For example, the Catholic church has long promoted and protected Christian celibacy as an alternative to marriage, in line with the example and teaching of Jesus and the Apostle Paul. 

The Catholic church has long promoted and protected clerical pederasty as an alternative to marriage, in line with the example of bacha bazi in Islam. 

Likewise, the Catholic church has held faithfully to the sanctity of marriage, insisting that divorce is profoundly incompatible with the sacramental meaning of marriage as an analogy for the unity between Christ and the church. 

Likewise, the Catholic church has skirted the sanctity of marriage through the loophole of annulment. The "sanctity of marriage" in Catholicism is a sham. 

In Scripture, marriage is a covenant, not a sacrament. 

In stark contrast, Protestants have tended to overemphasize marriage as the only ideal life plan for all Christians, while at the same time tolerating and even defending the prevalence of divorce.

In stark contrast, Protestants agree with Scripture that there are justifiable grounds for divorce.  

Protestants also have much to learn from Catholic social teaching as it pertains to poverty and oppression.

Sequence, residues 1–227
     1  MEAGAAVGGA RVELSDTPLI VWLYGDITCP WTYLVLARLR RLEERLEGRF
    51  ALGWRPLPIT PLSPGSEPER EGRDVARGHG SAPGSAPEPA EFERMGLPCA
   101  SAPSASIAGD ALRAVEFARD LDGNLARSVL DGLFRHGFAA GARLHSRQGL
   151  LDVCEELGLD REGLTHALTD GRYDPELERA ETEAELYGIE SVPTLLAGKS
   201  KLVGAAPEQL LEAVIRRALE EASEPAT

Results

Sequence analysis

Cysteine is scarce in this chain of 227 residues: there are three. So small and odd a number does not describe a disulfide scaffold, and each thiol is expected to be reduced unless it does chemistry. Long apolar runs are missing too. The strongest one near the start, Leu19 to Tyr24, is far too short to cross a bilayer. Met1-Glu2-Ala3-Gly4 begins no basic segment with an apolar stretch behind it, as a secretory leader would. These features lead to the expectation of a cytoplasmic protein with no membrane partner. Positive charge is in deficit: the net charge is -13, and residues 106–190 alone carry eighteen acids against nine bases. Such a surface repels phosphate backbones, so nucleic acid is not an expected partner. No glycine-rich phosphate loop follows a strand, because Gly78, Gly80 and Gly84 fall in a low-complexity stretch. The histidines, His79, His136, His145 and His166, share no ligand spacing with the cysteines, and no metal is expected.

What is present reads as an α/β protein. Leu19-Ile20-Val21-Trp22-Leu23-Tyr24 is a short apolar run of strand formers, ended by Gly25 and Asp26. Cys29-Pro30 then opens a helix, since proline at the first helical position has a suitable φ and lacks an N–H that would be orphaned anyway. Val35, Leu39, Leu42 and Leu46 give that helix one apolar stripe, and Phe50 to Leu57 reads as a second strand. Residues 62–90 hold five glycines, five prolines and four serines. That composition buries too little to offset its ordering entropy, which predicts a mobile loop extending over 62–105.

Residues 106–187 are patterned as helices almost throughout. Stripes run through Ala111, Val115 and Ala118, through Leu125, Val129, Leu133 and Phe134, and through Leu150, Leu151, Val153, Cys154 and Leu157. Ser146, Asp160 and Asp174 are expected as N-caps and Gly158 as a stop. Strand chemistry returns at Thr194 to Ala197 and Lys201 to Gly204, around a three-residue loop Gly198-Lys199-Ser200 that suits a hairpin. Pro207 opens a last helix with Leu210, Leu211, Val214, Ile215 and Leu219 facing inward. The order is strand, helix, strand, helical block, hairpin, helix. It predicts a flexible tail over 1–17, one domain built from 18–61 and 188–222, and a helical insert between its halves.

Like how the Roman Catholic church used to oppress theological dissidents, viz. the Inquisition, Exsurge Domine? Like how the Catholic church exploited the poor through the sale of indulgences? 

Classic Christian thought taught that God has given the world to human beings in common. It affirmed the legitimacy of property subject to the requirement that those who have what they need share with those who do not, in order that the poor might receive justice. This has evolved into the modern Catholic concept of solidarity, which calls Christians to bear the burdens of those who are poor and oppressed. 

Poverty isn't always the result of injustice. 

Protestants would do well to emulate the Catholic conviction that the sanctity of life requires vigorous protection at every stage and in every form, like a “seamless garment” from beginning to end.

That's a euphemism for opposition to capital punishment. 

The gospel of the kingdom and its righteousness remains the same as it did one thousand and two thousand years ago…

The NT Gospel remains the same. But that's hardly the Gospel preached by Rome a 1000 years ago, or 500 years ago, or today. Catholicism is a different religion from biblical theism. 

…and faithful Protestants and Catholics of all denominations will increasingly find that, as pilgrims on the same journey, serving one Lord with one faith, they will come much nearer to their goal if they walk together than if they walk separately.

Oh, Gosh, all we need is a picture of a cowboy riding off into the sunset with an angel choir in the background. Catholic theology and Protestant theology represent divergent theological visions. A road sign pointing in different directions.